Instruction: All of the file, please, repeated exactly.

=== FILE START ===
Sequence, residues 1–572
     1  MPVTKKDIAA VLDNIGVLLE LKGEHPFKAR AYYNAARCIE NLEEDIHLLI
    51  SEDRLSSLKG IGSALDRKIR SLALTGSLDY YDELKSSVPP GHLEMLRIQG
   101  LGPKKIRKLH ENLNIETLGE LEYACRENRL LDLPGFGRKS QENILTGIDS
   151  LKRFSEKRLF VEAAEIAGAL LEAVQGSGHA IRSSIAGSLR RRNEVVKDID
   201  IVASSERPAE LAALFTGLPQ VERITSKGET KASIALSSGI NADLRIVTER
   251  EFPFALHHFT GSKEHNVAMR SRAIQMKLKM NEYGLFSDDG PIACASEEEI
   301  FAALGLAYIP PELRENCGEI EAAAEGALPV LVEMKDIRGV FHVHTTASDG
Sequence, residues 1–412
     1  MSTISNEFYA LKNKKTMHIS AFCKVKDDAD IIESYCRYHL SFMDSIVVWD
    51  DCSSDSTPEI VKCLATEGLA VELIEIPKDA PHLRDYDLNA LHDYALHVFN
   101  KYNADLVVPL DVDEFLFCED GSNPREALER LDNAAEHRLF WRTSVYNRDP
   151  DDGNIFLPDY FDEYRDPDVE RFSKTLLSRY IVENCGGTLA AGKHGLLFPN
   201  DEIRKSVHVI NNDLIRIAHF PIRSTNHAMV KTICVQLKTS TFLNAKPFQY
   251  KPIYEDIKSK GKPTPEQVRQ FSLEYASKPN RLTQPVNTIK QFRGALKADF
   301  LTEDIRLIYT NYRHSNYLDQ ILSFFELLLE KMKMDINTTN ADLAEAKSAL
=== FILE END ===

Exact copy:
Sequence, residues 1–572
     1  MPVTKKDIAA VLDNIGVLLE LKGEHPFKAR AYYNAARCIE NLEEDIHLLI
    51  SEDRLSSLKG IGSALDRKIR SLALTGSLDY YDELKSSVPP GHLEMLRIQG
   101  LGPKKIRKLH ENLNIETLGE LEYACRENRL LDLPGFGRKS QENILTGIDS
   151  LKRFSEKRLF VEAAEIAGAL LEAVQGSGHA IRSSIAGSLR RRNEVVKDID
   201  IVASSERPAE LAALFTGLPQ VERITSKGET KASIALSSGI NADLRIVTER
   251  EFPFALHHFT GSKEHNVAMR SRAIQMKLKM NEYGLFSDDG PIACASEEEI
   301  FAALGLAYIP PELRENCGEI EAAAEGALPV LVEMKDIRGV FHVHTTASDG
Sequence, residues 1–412
     1  MSTISNEFYA LKNKKTMHIS AFCKVKDDAD IIESYCRYHL SFMDSIVVWD
    51  DCSSDSTPEI VKCLATEGLA VELIEIPKDA PHLRDYDLNA LHDYALHVFN
   101  KYNADLVVPL DVDEFLFCED GSNPREALER LDNAAEHRLF WRTSVYNRDP
   151  DDGNIFLPDY FDEYRDPDVE RFSKTLLSRY IVENCGGTLA AGKHGLLFPN
   201  DEIRKSVHVI NNDLIRIAHF PIRSTNHAMV KTICVQLKTS TFLNAKPFQY
   251  KPIYEDIKSK GKPTPEQVRQ FSLEYASKPN RLTQPVNTIK QFRGALKADF
   301  LTEDIRLIYT NYRHSNYLDQ ILSFFELLLE KMKMDINTTN ADLAEAKSAL